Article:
Beth once told me in a serious way that I was filled with a kind of glowing exuberance, and she hoped that one day I would let it out; I feel that some of that breaks out when I am dancing (and this is possibly confirmed when someone asks what planet you are from). It's the best feeling to be dancing to excellent music with people who are clearly enjoying themselves and responding energetically.
Dinner tonight was at the Bridgeport Brewing Company. It's located off on the far end of downtown in an area which feels just the tiniest bit sketchy as you wander about it. Inside its high-ceilinged interior there's a medium-volumed babble and we all stood around near our private room talking in small huddles. The form of it was reminiscient of networking events, except that everyone was already networked. Eventually we broke into the food: spinach-walnut-feta-cider salad, maple-walnut-halibut, butternut-squash-potatoes, &c. Truly excellent. Michael B. sat across from me and explained how he'd finished a PhD in CSci, organized a few hack-a-thons, and then been hired by SecondMuse to help organize the biggest hack-a-thon ever. We chatted about color-blind accessibility, Chicago, the web stack, and our 12-year-old developer with the folks from PurpleBinder.
And this could have gone on for a while, but Saturday nights are for dancing. Just a few weeks ago, getting to the dance would have been a marathon session of public transit mishaps, but Portland has Car2Go, so it turned out to be much easier. I called them up, a rep answered, told me where the nearest car was, and stayed on the line while I sprinted five blocks to get ahold of it.
Minutes later, cruising down the interstate with unfamiliar buildings and places going past me, I felt a great sense of freedom. I've spent years traveling via every method except cars and now, by dint of having a license, there are places available to me that would not otherwise have been accessible. And being surrounded by the unfamiliar and going to a place I've never been before; that's the best.
Still, there are limitations, the parking boundary for the Car2Go is about a half-mile from the Fulton Community Center where the dance hall is. The air outside is brisk and I again regret not having brought a few more warm things with me, but isn't that the luck?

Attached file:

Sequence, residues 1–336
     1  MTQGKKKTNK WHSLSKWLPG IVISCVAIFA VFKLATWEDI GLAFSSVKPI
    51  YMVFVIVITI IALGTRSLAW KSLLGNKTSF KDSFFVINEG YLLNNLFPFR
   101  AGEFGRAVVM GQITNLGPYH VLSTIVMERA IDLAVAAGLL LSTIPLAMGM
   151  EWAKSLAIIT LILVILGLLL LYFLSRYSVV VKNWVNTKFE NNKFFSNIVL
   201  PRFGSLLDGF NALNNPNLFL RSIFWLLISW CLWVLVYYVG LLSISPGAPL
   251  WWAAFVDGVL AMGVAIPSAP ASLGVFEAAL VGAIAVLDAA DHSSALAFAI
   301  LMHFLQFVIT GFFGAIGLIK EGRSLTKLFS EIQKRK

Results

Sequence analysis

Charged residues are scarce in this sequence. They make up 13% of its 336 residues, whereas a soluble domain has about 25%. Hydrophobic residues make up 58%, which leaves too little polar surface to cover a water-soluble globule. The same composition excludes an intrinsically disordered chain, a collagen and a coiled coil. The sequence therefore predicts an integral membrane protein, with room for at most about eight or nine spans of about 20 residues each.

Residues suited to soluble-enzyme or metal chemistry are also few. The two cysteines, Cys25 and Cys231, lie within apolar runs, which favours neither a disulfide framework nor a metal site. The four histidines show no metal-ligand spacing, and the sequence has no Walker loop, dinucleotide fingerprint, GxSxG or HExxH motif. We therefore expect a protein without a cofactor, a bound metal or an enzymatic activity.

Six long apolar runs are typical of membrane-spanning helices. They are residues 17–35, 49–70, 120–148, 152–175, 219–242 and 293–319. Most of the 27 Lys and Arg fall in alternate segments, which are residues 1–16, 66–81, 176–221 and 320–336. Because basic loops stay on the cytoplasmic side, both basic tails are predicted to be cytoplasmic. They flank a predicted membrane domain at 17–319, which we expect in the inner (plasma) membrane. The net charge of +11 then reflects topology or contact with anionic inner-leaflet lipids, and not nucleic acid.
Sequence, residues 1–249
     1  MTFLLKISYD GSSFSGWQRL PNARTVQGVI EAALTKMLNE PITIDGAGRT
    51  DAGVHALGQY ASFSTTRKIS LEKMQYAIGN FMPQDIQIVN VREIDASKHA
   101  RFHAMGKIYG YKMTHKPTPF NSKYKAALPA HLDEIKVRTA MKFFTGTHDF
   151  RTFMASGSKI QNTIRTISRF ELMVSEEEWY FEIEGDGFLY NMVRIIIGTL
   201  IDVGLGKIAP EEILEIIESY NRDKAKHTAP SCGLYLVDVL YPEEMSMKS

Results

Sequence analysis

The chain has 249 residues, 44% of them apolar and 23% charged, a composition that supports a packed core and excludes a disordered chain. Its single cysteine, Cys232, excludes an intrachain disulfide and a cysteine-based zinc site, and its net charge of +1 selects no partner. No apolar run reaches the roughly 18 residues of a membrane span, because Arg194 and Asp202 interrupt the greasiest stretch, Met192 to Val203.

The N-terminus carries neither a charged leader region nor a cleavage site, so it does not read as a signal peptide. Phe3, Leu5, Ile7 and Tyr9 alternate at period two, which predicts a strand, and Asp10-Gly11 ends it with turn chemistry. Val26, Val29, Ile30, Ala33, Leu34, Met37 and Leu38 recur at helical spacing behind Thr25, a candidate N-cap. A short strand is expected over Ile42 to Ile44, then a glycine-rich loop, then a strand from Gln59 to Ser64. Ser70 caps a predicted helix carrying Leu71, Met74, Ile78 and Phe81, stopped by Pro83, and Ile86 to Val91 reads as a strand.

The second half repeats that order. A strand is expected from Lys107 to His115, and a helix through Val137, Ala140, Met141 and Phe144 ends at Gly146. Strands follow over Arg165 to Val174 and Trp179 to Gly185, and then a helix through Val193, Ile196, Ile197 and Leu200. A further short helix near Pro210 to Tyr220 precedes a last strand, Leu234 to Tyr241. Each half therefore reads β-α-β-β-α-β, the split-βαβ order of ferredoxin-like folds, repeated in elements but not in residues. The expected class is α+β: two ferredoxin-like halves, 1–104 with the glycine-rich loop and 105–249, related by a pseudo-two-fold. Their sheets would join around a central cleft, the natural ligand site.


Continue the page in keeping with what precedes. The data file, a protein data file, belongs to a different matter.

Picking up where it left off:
Inside, the dance hall's long and narrow with a high ceiling, and the dance is just getting going. The crowd's mostly older with a significant group of teens (it turns out there's a birthday party) and a few college students mixed in. And everyone's very welcoming. During the break a gang of them approach, along with two men in Hawaiian shirts who each must be a half-foot taller than me (this never happens!) and invite me to “play” with them. The game, as it turns out, is to randomly swap partners and gender roles throughout the dance (to the confusion of those who are not playing the game). And so you'll be walking in to alamande with someone only to have them suddenly tugged away and replaced with someone else, or you'll be dancing in one direction and feel a tug on your shoulder which redirects you to an entirely different part of the dance.
Mid-way through this dance “Becca” asks, during a balance, if I'd like to do the next one. Out in Vermont there'd been a lengthy discussion about how this kind of “booking ahead” can poison the atmosphere of a dance, but that was in relation to situations where most everyone was doing it all the time. Is there some lower prevalance where it is acceptable? Regardless, it feels nice to be asked, and Becca ends up having good frame, a tight form, boundless energy, and the ability to seamlessly switch roles, which makes for an excellent time. I also have a dance and, later, a waltz with “Liz”, who exudes a contagious happiness, engages in a bantar of facial expressions, expresses a personality that makes the experience of dancing with her absolutely positive, and carries herself with a poise which she claims comes from having studied ballet when she was much younger but which leaves one suspicious that she moonlights ballroom. When I ask how long she's done contra she says this is her second dance. I'm still convinced that anyone can dance, but the weight of the evidence suggests that for some people, such as her, it's a native quality.
Afterwards various people invite me to other dances and are disappointed to learn that I am only passing through. Nonetheless, I hope to be back.
My Car2Go's where I left it and the journey to downtown's uneventful, though I have to roll down the window and ask many people where Powell's Books is before I find the hotel.